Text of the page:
The New Jersey Election Law Enforcement Commission has filed charges against four members of a ticket that successfully won a majority of seats on the Brick Township school board, as well as their campaign treasurer who is the husband of a sitting board member.
The charges – which are administrative, not criminal – were levied against all of the members of the so-called “Clean Slate” team that won seats on the board in 2015. Stephanie Wohlrab, the current board president, John Lamela, the former board president, as well as board members Victoria Pakala and George White were the subject of the complaint. Of the four, Wohlrab and Pakala remain on the board. Lamela and White did not seek re-election after their terms expired. Joseph Nezgoda, Pakala’s husband, also received a violation notice.
In the wake of the vicious 2015 school board campaign, which included robocalls, signs, and a slew of mailers, some members of the Brick community accused the Clean Slate ticket of failing to file mandatory campaign finance disclosure reports and questioned whether the reported expenditures of the campaign could possibly have financed all of the advertising and campaign infrastructure that was utilized. The team was closely tied to the Democratic party, though school board elections are technically nonpartisan.
If a group of candidates spends more than $12,300, they must file what is known as an R-1 form, which is a detailed accounting of the campaign’s donations and expenditures that lists all contributions in excess of $300. Mitch Seim, the campaign consultant for the Clean Slate ticket, told Shorebeat at the time that the foursome did not exceed $12,300. After the campaign was over, a resident submitted a complaint to the state calling for an investigation and confidentially shared it with Shorebeat. Now, nearly four years later, the state has formally filed campaign finance violation charges and scheduled a hearing.
According to the state’s complaints, obtained by Shorebeat, the five respondents will have an opportunity to present a defense at a hearing. Specifically, the complaints charge each person with violating campaign finance regulations by filing Form D-2 – a certification that funds will be commingled between a ticket of candidates – on November 25, 2015, 74 days past the deadline. The second count of the complaint alleges the Clean Slate Team deposited four contributions in excess of $300, totaling $6,400, into the account. Those donations were not reported until 51 days after the deadline.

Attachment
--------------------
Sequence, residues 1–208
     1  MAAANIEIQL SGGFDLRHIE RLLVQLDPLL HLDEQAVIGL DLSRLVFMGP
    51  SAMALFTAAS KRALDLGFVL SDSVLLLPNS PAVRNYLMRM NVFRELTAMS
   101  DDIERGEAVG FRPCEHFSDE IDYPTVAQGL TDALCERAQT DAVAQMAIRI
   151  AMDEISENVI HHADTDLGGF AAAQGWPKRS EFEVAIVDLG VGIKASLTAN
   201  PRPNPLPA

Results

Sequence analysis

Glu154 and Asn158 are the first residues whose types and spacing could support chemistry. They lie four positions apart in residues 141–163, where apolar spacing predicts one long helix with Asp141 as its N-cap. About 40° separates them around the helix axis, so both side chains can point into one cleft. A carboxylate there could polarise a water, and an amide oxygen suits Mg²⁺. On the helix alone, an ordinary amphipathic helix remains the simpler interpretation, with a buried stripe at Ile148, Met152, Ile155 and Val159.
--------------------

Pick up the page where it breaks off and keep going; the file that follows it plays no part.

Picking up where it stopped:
The complaint goes on to state in a third count that an additional five deposits of more than $300 were made by the ticket that were unreported. A fourth count focuses on Lamela, who made a $750 deposit into his own campaign account (formed before the ticket combined their finances) which was unreported. He is also accused of filing another report 68 days late. The same charges, detailed nearly word-for-word in a fifth, sixth and seventh count, were levied against Pakala, White and Wohlrab.
For all of the donations over $300, state law calls for the disclosure of the date the donation was made, its amount, the contributor’s name and address, the contributor’s employer and his or her occupation.
If found in contravention of state campaign finance regulations, the state could impose a fine of up to $7,600 for each violation.
Wohlrab, contacted by Shorebeat, said she was not available for comment due to personal issues. Board members offered no comment on the matter at last week’s Board of Education meeting, when the issue was brought up publicly by Al Cartine, campaign manager for the township’s Republican organization.
“It’s a scam, it’s a fraud, and it’s not something you can let our children learn through your behavior,” said Cartine. “We’re better than that, you’re better than that, and you need to correct this problem and come out in the open public – let people know, ‘Hey we made a mistake here and we’re trying to rectify this.’”
The four current and former board members have 20 days to request a hearing to adjudicate the case, or the commission may enter a default judgment and order fines. The complaint was filed June 26.